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The AP seven-round mock draft: “attacking the pockets”

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NCAA Football: Belk Bowl-Wake Forest vs Texas A&M Jeremy Brevard-USA TODAY Sports

“In regards to the draft classes, it’s always different in regards to where the pockets are. One year you may have a pocket at this position. The next year you may be weak at that position. So I think in regards to it being unique, it’s just how you as an evaluator and you as your staff see the draft as a whole. Where you need to be aggressive, but where you can maybe look in a different direction because you know that maybe in (round) 3 and 4 you can get similar value because of the depth. So I think it’s just the process of just identifying where the pockets are, where the strengths and weaknesses are.” - Brett Veach on understanding value on a draft board

In Friday’s pre-draft press conference, Kansas City Chiefs general manager Brett Veach talked about the importance of understanding the “pockets in a draft.” This is a critical part of the process: knowing where the value is at certain positions and points in the draft and having a strong plan in how to attack it.

“Do I need to trade up to acquire Isaiah Oliver in the late second or can I wait to address corner later in the draft with a guy like Isaac Yiadom?”

The Chiefs, like every other team, are going through mock draft scenarios to understand value and have plans for how to attack the board. Let’s do the exercise as well. Here are the pockets I believe exist in this draft:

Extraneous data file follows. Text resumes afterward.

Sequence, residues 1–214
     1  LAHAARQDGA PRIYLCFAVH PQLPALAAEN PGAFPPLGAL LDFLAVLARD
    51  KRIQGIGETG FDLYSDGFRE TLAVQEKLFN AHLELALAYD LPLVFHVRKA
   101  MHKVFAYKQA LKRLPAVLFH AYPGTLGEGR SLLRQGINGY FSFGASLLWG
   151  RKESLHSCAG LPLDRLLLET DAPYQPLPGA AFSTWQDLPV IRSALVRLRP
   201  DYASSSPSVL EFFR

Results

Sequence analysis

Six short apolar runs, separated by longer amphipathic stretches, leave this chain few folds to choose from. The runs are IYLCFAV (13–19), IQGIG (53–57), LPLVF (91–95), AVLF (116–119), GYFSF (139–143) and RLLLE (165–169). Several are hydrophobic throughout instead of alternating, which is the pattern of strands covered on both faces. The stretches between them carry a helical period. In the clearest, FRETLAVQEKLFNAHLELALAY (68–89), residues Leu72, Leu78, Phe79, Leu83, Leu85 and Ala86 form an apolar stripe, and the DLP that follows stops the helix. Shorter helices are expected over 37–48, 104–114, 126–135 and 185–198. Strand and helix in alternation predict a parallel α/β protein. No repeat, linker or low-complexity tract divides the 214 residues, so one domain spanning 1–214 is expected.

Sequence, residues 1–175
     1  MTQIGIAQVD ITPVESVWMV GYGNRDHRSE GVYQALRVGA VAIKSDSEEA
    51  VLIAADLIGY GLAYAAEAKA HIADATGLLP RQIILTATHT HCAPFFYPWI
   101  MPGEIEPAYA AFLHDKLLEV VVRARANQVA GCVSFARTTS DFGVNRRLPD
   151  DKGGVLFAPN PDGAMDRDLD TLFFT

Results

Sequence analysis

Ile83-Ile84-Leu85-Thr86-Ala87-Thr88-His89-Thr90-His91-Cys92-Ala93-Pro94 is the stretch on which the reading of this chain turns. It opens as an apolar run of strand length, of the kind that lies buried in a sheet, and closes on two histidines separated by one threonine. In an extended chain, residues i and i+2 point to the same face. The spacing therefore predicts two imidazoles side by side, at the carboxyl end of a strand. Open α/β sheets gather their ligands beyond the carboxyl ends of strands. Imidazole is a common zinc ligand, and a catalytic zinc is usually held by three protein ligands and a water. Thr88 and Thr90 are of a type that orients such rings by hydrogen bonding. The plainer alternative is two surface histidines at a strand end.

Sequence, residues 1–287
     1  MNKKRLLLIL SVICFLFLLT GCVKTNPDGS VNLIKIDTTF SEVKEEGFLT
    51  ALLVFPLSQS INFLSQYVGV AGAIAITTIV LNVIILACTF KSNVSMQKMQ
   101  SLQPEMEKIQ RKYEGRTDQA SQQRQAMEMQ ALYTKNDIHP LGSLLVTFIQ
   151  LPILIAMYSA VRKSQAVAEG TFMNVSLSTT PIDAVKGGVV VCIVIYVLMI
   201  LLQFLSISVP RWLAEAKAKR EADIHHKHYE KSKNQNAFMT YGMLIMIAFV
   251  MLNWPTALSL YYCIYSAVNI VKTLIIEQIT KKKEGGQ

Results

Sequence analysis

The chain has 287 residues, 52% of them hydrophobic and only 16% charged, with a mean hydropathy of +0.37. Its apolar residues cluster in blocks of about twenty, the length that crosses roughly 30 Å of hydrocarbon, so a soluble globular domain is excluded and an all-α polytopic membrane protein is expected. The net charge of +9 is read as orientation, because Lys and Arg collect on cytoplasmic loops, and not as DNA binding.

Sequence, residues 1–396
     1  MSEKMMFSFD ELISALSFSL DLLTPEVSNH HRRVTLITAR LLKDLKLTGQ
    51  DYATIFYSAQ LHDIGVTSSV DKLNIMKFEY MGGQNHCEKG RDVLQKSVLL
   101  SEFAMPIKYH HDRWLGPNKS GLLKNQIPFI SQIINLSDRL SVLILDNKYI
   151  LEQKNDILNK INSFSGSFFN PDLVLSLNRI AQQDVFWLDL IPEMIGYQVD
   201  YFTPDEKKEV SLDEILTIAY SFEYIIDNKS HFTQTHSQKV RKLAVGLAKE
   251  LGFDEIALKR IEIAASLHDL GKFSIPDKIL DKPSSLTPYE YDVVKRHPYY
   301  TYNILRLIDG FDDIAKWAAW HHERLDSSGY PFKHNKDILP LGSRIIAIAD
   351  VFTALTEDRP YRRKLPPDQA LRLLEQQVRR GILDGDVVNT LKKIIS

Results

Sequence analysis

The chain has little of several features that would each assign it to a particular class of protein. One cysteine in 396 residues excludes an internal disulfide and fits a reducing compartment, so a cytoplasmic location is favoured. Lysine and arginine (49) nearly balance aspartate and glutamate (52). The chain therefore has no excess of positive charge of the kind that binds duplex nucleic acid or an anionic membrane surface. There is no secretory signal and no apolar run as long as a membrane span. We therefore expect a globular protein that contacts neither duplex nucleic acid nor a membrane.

Late first round to early second round: Cornerback. If the Chiefs are going to move up, it’s likely for a corner. Players like Oliver, Jaire Alexander and Mike Hughes could all fall into this range.

Early to mid-second round: Safety. I expect there to be a run at some point on the safety position in this range. The question will be whether players like Justin Reid or Jessie Bates III stay there long enough to be selected.

Late second to early third round: EDGE. There aren’t very many pass rushers worth of early picks, but in the late second, we should start seeing some of the EDGEs with intriguing traits coming off the board. Players like Josh Sweat, Lorenzo Carter and Rasheem Green here their names called in this range.

Late third to early fourth round: Defensive lineman. Need may push some players up this board, but this is where players like Deadrin Senat, Tim Settle and R.J. McIntosh likely get picked.

Late third to early fourth round: Cornerback. If you miss out on the first wave, you’re likely waiting for names like Yiadom, Quenton Meeks and M.J. Stewart in this range.

How could this play out for the Chiefs?

Here’s how the Chiefs could attack these pockets in a seven-round mock draft:

NCAA Football: Wake Forest at Boston College
Jessie Bates III, future Chief?
Greg M. Cooper-USA TODAY Sports

54. S Jessie Bates III: One of my favorite players in this class has a realistic shot at being there. Would be a perfect center field option for the Chiefs. Bates is our official Arrowhead Pride draft crush.

78. EDGE Rasheem Green: Dense, athletic freak whose best football is ahead of him. Will be 20 on draft day. Nice developmental EDGE prospect.

86. DL R.J. McIntosh: The Chiefs only have Chris Jones and Xavier Williams under contract for 2019 along the defensive line. I expect the Chiefs to add one with a top 100 pick.

122. CB Quenton Meeks: Intriguing, young press corner who should be able to contribute as early as 2018.

124. WR Simmie Cobbs: The Chiefs add a new skill set to their receiving corp with a guy who can highpoint balls from his large frame. Could play in the slot early as well.

196. TE Tyler Conklin: The Chiefs need to address the tight end position in this draft. Travis Kelce isn’t getting any younger and it takes time for them to adjust. You can do a lot worse than Conklin.

233. OL Sam Jones: KelceKrazies turned me onto him. Developmental interior lineman.

243. QB Logan Woodside: I wouldn’t be remotely surprised to see the Chiefs add a quarterback late in the draft to start developing. Woodside has some good moments on tape.